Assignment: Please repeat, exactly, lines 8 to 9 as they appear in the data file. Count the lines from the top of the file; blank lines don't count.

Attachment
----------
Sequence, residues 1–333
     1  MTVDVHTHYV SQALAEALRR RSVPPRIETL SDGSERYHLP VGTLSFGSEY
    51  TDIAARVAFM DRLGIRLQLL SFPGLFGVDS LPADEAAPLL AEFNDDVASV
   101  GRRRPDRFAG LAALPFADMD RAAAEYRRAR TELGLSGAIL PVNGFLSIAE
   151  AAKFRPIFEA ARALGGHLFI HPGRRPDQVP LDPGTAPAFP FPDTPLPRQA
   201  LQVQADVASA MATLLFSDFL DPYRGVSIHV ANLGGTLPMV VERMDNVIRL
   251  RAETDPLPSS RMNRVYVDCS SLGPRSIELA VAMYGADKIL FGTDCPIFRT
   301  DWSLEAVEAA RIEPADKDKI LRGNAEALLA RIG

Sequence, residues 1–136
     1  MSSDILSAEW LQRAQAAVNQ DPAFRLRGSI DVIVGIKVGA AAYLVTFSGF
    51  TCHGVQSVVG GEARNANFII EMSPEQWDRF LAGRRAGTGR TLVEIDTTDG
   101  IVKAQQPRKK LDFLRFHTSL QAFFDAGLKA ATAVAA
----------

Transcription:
   301  DWSLEAVEAA RIEPADKDKI LRGNAEALLA RIG

Sequence, residues 1–136